The readership of this magazine needs no sales pitch on the general benefits of LDF coverage.
However, for those unfamiliar with the benefits of the non-scope rider option available to members in Plan I, the facts of the following case may be instructive.
South Gate Officer Marcelo Bedetti was off duty one evening with a friend, attempting to park his vehicle in a lot in a nearby beach city. As he entered the parking lot in his Jeep, he noticed that, even without the illumination of his high beams, officers in a unit parked in a position facing the entry sought to shield their eyes from his headlights. Bedetti immediately turned off his lights, and sought to park. A full seven seconds later, both of the officers in the unit activated their respective spotlights toward Bedetti’s eyes as he was still driving in an attempt to park. The officers then did their best to block his access to an available space, resulting in some predictable banter between the parties. The situation degenerated from there, with the officers seemingly frustrated in an attempt to find a legal excuse to arrest the completely sober Bedetti. The officers ultimately concluded that Bedetti, who was sporting a conspicuous pink cast on his leg, was sufficiently threatening to require him to be arrested and taken to the ground, after which he was eventually charged with a violation of PC 148.
As the criminal case ran its pre-trial course, the SGPD concluded its internal affairs investigation. Relying, as most any agency would have, on the multiplicity of statements of the arresting officers, it found Bedetti culpable for misconduct, and assessed him a 30-day suspension.
Without the extra non-scope coverage, this is where so many cases would end, with the officer reluctantly realizing that the cost of pursuing an appeal could be far greater than the loss of pay and benefits.
But things changed once the case went to a criminal trial, when a video was produced to contradict some of the arresting officers’ statements, while others were notably consistent in their inconsistency. Bedetti, who testified on his own behalf, was quickly acquitted.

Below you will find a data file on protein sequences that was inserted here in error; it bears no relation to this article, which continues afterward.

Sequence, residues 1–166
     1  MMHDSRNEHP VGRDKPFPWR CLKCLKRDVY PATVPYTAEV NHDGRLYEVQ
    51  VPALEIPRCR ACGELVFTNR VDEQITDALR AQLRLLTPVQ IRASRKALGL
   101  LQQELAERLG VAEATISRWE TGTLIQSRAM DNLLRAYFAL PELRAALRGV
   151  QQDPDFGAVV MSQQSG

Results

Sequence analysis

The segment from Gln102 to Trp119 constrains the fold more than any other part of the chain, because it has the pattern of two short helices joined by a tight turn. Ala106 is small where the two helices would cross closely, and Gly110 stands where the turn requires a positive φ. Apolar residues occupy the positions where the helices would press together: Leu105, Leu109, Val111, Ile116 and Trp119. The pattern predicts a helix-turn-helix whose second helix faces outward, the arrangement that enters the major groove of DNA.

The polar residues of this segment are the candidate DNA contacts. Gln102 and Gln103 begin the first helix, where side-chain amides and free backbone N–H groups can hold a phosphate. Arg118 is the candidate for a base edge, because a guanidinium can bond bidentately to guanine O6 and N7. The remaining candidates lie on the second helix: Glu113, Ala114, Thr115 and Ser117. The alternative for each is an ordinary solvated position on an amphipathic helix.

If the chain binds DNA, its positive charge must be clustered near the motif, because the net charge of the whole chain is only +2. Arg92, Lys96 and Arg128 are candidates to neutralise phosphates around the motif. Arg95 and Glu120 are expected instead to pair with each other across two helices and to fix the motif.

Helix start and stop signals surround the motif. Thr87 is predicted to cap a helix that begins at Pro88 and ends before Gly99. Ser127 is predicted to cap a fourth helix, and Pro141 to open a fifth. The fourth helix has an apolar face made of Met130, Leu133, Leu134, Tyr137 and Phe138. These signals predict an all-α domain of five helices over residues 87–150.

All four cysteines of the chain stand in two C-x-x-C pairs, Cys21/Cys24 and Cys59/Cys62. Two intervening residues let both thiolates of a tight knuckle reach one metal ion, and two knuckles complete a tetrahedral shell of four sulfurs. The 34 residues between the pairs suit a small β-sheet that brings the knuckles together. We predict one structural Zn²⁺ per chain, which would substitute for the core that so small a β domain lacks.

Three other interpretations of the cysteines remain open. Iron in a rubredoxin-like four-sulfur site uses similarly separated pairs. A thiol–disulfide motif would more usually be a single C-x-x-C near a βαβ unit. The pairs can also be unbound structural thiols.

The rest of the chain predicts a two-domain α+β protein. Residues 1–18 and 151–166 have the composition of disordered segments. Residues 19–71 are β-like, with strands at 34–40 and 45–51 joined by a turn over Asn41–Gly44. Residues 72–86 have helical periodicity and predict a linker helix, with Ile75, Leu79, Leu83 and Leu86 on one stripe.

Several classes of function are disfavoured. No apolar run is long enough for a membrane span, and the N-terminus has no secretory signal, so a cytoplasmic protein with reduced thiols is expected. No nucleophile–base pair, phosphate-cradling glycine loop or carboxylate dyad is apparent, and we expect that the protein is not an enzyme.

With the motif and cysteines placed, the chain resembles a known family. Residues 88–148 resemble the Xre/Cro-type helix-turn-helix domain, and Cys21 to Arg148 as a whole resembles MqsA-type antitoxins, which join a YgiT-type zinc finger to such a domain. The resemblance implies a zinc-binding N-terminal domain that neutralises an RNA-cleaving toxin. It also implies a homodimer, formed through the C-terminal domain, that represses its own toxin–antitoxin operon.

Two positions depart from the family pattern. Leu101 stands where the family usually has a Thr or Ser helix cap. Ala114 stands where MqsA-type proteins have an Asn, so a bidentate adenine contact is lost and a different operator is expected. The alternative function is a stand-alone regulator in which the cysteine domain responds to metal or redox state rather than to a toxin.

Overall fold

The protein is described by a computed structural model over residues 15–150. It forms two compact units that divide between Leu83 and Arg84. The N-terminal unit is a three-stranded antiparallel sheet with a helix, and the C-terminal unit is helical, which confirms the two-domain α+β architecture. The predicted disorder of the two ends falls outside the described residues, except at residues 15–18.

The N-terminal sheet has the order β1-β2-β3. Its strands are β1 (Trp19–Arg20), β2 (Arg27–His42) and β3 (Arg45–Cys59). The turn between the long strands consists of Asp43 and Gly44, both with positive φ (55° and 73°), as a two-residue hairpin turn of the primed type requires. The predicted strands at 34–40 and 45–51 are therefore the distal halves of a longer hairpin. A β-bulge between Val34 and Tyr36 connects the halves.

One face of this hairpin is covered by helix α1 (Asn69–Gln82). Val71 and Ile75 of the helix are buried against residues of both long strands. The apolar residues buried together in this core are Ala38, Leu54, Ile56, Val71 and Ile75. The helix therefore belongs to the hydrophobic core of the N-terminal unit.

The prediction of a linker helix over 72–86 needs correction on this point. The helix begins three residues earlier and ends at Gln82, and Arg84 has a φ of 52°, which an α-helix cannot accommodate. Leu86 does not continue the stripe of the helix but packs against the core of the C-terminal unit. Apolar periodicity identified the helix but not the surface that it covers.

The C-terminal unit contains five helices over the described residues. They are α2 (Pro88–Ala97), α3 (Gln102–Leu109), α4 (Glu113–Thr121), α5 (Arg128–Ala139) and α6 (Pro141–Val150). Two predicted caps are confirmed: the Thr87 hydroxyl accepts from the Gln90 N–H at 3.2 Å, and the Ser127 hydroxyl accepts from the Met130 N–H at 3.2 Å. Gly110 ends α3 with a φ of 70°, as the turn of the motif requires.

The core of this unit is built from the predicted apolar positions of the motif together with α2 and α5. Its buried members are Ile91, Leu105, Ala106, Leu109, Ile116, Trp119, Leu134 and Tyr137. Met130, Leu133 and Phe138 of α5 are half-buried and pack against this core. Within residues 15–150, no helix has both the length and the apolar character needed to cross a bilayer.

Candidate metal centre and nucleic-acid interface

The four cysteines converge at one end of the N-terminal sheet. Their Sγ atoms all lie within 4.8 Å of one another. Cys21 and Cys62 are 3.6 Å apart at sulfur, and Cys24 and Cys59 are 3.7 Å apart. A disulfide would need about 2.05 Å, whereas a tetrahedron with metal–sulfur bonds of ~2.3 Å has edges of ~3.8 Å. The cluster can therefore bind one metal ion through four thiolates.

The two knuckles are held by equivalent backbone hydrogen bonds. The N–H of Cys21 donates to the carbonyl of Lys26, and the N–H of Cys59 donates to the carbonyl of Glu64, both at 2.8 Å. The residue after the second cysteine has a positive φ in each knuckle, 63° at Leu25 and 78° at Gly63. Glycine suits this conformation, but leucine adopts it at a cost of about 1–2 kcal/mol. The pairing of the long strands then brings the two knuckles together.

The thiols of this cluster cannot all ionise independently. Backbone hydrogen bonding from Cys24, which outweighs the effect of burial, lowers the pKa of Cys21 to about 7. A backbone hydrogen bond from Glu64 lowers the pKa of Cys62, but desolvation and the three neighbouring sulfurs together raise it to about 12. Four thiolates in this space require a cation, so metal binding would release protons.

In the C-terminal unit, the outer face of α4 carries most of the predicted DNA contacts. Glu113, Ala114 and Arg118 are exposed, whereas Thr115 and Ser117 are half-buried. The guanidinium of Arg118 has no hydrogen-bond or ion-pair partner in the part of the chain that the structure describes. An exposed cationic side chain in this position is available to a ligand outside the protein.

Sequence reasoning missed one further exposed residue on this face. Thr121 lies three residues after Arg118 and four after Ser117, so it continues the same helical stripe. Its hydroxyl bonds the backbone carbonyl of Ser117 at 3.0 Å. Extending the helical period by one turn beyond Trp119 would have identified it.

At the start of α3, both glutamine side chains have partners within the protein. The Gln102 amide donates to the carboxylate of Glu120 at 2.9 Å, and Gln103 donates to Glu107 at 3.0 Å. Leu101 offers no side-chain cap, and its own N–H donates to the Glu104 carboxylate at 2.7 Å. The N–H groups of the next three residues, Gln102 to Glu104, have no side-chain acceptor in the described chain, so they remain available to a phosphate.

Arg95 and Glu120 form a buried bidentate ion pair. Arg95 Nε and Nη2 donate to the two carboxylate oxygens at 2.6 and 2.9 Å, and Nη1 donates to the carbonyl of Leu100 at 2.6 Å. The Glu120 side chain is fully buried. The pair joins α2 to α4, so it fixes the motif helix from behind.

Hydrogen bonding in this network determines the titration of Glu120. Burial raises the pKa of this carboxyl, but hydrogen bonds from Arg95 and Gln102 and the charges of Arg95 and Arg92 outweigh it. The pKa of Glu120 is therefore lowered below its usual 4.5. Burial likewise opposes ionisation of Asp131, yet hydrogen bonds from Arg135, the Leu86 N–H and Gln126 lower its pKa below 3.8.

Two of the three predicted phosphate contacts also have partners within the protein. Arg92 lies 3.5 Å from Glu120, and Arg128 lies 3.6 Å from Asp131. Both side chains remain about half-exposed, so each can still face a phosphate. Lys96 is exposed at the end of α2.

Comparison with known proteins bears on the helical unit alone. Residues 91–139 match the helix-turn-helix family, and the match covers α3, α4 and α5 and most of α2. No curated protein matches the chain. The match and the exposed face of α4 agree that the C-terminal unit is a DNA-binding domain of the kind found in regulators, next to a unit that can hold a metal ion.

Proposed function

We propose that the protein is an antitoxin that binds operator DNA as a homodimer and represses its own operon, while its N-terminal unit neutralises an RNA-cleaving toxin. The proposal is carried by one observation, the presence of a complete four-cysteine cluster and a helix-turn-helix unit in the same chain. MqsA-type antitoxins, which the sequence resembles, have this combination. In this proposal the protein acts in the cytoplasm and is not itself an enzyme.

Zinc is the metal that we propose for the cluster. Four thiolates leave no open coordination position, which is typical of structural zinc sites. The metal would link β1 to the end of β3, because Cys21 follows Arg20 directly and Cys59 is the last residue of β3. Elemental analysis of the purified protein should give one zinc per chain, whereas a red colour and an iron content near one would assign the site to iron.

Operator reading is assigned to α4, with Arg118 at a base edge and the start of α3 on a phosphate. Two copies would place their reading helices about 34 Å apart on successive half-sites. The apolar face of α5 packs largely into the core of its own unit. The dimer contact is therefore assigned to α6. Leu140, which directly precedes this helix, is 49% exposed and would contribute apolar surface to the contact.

At this point, the benefits of the non-scope program became paramount. Although the criminal matter itself was not within the scope of coverage, anything that flowed from that triumph that could have assisted in a positive administrative outcome was authorized by LDF. Accordingly, we were afforded access to evidence and experts, just as in an on-duty case of great consequence.
In many agencies, there is a marked, stubborn resistance to revisit matters already decided. In this case, however, once the Department learned that the criminal case had fallen apart, and that one of its own may have been egregiously treated by a fellow agency, it became willing to revisit its prior position in advance of a Civil Service hearing. With the advantage of being able to reproduce the entirety of the record of the trial and additional facts, we were in a position to explain the evidence to the Department in a meaningful way to show that, however reasonable it may have seemed to rely on the arresting officers’ versions at the time of its initial review, the facts as gleaned through exhaustive cross-examination revealed that those versions could not be trusted.
After a careful review of all the relevant evidence, much of which had been previously unavailable during the internal process, the Department determined that there was insufficient cause to support the prior action, and appropriately revoked the suspension.
If there is one salient moral to the story, it is that your LDF coverage may be your best buy anywhere; on duty or off duty, don’t leave home without it!